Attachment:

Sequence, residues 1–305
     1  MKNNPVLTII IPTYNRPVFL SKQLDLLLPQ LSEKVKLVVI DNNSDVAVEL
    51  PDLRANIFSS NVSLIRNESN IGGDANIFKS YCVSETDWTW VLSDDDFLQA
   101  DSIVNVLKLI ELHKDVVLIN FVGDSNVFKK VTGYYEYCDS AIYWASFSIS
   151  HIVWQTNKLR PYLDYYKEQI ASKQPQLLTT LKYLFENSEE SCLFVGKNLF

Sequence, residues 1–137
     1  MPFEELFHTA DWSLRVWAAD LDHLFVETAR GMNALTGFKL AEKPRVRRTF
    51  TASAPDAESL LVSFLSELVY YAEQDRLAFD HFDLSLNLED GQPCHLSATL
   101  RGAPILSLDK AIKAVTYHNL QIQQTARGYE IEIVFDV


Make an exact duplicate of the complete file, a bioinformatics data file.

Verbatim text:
Sequence, residues 1–305
     1  MKNNPVLTII IPTYNRPVFL SKQLDLLLPQ LSEKVKLVVI DNNSDVAVEL
    51  PDLRANIFSS NVSLIRNESN IGGDANIFKS YCVSETDWTW VLSDDDFLQA
   101  DSIVNVLKLI ELHKDVVLIN FVGDSNVFKK VTGYYEYCDS AIYWASFSIS
   151  HIVWQTNKLR PYLDYYKEQI ASKQPQLLTT LKYLFENSEE SCLFVGKNLF

Sequence, residues 1–137
     1  MPFEELFHTA DWSLRVWAAD LDHLFVETAR GMNALTGFKL AEKPRVRRTF
    51  TASAPDAESL LVSFLSELVY YAEQDRLAFD HFDLSLNLED GQPCHLSATL
   101  RGAPILSLDK AIKAVTYHNL QIQQTARGYE IEIVFDV